Park proposed in front of Sewickley theater
The empty land in front of the new two-screen movie theater on Walnut Street is set for a makeover.
Sewickley planning commission members last week approved the construction of a proposed park — temporarily named Walnut Square — to be designed in the space between the Walnut Street sidewalk and the theater building steps.
Borough Manager Kevin Flannery said the land will offer benches, a speaker system and plants.
The park could play host to afternoon jazz concerts or other events.
He credited Kirsten Recker, a Sewickley Valley resident and owner of Barberry Handmade on Beaver Street, with designing and fundraising for the space.
“We commend her community spirit,” he said. “She's already submitted close to $35,000 getting all this ready. Her goal is to be done by July — she's not going to piecemeal this.
“It is going to be a completely usable space. It's going to be multi-facted.”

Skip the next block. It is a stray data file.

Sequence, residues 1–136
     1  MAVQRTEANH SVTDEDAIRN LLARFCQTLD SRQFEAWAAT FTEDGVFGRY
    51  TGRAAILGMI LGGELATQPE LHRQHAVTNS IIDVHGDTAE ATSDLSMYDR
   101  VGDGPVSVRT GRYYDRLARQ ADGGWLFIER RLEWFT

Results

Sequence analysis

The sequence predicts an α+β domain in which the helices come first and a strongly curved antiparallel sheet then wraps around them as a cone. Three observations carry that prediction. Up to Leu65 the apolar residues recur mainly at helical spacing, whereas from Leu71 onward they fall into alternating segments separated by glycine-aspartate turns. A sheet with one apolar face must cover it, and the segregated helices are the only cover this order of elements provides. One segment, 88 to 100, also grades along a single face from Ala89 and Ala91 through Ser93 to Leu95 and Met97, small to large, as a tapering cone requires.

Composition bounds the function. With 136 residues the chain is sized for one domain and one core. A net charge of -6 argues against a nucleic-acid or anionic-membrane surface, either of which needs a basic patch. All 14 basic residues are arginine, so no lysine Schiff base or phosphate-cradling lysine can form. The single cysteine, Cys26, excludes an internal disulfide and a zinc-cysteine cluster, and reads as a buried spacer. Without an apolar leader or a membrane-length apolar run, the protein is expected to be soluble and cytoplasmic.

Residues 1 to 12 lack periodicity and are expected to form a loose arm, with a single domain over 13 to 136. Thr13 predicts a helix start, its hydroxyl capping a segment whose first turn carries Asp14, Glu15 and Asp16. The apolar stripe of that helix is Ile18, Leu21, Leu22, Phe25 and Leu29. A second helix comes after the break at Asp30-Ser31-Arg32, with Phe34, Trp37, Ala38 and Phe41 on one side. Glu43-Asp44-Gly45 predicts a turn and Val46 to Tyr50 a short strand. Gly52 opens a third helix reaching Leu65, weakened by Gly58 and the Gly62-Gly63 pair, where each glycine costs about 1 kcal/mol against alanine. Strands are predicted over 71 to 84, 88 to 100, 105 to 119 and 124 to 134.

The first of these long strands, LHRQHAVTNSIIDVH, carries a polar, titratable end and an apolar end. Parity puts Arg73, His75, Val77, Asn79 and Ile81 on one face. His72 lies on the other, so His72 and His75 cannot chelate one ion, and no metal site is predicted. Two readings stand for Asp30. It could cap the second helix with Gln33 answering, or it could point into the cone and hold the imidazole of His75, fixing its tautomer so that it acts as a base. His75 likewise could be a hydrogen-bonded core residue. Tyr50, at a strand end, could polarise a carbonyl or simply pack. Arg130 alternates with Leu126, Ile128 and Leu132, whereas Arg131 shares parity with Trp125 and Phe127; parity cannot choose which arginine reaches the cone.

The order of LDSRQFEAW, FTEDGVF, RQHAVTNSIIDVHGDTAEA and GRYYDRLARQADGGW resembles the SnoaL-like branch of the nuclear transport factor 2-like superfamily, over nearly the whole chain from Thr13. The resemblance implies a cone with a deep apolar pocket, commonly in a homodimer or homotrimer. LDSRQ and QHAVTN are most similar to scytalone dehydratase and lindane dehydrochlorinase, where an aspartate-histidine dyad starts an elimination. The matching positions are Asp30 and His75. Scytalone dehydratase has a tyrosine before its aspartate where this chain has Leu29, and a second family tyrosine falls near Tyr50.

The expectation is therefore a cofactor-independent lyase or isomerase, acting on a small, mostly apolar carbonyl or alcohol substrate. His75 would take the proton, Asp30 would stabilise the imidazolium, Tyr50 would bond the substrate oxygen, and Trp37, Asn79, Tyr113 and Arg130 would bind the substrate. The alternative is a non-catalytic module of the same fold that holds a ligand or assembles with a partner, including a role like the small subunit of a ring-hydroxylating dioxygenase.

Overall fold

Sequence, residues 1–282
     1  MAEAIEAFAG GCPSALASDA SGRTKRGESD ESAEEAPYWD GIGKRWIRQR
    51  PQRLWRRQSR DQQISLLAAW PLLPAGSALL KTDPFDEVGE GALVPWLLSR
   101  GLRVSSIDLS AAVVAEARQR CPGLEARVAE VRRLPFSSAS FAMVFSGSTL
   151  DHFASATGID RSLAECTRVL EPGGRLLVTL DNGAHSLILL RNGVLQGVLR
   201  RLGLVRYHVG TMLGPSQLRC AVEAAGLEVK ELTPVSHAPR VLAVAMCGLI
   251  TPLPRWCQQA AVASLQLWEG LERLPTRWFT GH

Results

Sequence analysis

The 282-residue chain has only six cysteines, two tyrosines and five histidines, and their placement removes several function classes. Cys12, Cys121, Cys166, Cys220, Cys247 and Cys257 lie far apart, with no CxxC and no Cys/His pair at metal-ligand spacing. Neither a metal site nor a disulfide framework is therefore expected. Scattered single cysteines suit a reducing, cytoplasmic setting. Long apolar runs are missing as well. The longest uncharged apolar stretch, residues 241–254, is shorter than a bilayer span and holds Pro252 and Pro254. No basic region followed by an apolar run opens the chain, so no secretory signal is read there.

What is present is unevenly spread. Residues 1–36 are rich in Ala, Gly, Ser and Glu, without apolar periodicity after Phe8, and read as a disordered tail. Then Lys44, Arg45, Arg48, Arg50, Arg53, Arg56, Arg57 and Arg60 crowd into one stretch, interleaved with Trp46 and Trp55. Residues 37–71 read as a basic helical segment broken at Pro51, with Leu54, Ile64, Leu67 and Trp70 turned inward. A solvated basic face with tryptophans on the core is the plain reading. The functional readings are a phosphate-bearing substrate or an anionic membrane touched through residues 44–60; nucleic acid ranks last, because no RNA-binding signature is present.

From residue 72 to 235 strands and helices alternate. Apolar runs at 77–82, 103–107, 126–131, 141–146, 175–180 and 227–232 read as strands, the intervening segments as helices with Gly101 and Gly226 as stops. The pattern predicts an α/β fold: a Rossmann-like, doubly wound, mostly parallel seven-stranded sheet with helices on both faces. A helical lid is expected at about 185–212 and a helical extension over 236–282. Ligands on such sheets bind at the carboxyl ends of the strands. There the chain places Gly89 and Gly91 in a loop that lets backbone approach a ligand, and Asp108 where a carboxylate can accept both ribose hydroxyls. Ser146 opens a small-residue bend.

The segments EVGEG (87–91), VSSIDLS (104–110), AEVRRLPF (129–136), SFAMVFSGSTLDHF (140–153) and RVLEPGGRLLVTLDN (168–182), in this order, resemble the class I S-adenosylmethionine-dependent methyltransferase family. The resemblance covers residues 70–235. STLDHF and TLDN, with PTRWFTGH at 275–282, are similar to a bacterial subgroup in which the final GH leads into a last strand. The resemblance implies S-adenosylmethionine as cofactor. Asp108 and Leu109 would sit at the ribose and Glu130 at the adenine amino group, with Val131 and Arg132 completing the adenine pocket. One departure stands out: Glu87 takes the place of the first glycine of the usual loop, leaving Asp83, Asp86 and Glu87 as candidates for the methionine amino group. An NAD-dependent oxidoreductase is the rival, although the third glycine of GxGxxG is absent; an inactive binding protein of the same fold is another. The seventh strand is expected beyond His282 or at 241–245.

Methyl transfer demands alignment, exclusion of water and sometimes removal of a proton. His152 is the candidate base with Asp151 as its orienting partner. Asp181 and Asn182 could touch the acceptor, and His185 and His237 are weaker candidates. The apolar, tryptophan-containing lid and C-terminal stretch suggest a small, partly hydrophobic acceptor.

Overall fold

The land initially was to be part of the design of what's now The Tull Family Theater, but structural concerns regarding Hoeys Run underneath the property forced organizers of the nonprofit theater and borough leaders to push it back. The borough owns the property the theater is on.
Flannery said arborist Jim Edson assisted in choosing landscaping that will feature trees, shrubs, ornamental grass, groundcovers and perennials.
“The trees that they've chosen can be bent and shaped or used as canopy,” Charles Driscoll, the borough council representative on planning commission. “They won't take away from anything.”'
Leaders estimate the park could cost between $320,000 and $400,000, and organizers are working on fundraising efforts.
Landscape architecture company LaQuatra Bonci Associates will be working on the project.
“The design, from an architectural standpoint, is magnificent,” planning commission member Nathan St. Germain said. “To have an architect like that says a lot.”
Driscoll made the motion to recommend the board to council, and Shea Murtaugh seconded the motion, which was unanimously approved for design and fundraising, estimated to take two months to complete.
“I'm glad this is moving forward, and I'm excited to see how it plays out,” Driscoll said.
Rebecca L. Ferraro is a Tribune-Review contributing writer.